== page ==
Common-Sense Suggestions to the EEOC
The EEOC has extremely important tasks in receiving and handling charges of employment discrimination, harassment, or retaliation, but is following self-defeating procedures and failing to solve longstanding problems. Some common-sense changes would work far better for the Commission, the charging parties, and employers, and would make the Commission’s limited resources more productive. Here are my ideas. Continue reading
What Does It Mean to Be an “At Will” Employee?
“At will” is a legal phrase that means the employer has the right to fire an employee at any time, for any reason, including a senseless, mean, spiteful, or arbitrary reason, as long as the reason is not unlawful. An “at will” employment can be ended at the will of either the employer or the employee. An employment contract that has no definite duration, and that has no limitation on the employer’s ability to fire the employee, is normally “at will.” Continue reading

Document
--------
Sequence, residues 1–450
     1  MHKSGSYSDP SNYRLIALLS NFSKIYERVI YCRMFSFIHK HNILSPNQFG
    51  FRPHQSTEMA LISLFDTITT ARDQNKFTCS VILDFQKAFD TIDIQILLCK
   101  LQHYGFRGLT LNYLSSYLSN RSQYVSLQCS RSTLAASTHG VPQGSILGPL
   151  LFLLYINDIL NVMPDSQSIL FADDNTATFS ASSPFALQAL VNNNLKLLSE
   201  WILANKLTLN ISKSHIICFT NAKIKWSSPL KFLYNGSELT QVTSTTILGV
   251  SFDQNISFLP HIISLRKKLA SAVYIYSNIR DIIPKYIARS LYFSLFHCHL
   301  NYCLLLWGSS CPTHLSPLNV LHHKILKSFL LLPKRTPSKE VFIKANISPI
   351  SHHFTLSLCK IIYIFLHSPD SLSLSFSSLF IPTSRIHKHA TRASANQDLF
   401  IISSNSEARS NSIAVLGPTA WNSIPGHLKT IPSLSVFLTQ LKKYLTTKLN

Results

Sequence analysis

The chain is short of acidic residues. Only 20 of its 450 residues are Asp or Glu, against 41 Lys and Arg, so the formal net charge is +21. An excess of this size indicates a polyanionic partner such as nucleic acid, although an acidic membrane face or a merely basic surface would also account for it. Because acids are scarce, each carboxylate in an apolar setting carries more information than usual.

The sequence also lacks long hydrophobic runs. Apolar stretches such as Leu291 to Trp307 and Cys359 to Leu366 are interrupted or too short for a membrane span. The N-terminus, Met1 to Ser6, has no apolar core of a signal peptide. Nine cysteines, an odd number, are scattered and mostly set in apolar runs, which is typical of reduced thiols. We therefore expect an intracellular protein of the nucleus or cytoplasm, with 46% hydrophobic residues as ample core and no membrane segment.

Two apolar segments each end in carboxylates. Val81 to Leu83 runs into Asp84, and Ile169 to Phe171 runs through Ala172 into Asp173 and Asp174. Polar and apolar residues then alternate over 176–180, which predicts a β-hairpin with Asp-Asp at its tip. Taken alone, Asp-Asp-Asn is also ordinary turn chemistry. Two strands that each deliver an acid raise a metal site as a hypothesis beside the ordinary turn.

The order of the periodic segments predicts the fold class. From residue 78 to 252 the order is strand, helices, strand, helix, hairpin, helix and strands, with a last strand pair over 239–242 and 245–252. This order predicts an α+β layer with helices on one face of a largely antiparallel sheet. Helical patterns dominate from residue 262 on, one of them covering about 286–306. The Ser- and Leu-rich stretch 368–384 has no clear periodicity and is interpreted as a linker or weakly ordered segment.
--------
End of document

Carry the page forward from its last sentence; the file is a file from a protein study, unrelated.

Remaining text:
What is the Proper Role for Dispositive Motions in Arbitration?
To achieve speedy resolutions, and to resolve matters as cost-effectively as possible, arbitrators should be careful in allowing the filing of dispositive motions. They make sense for gateway issues, but not for issues going to the substance of the merits. Allowing such motions generally would lengthen the time required to resolve cases, and multiply discovery to the magnitude needed in Federal courts. When trials are held on affidavits, the parties need a lot of depositions because that may be their only opportunity to examine the other sides’ witnesses. Ruling out trials by affidavits in the bulk of cases allows the promise of arbitration–faster, cheaper and fair resolutions–to be realized. Parties need to know at the outset what will and will not be allowed, so they that can cut their discovery needs. Continue reading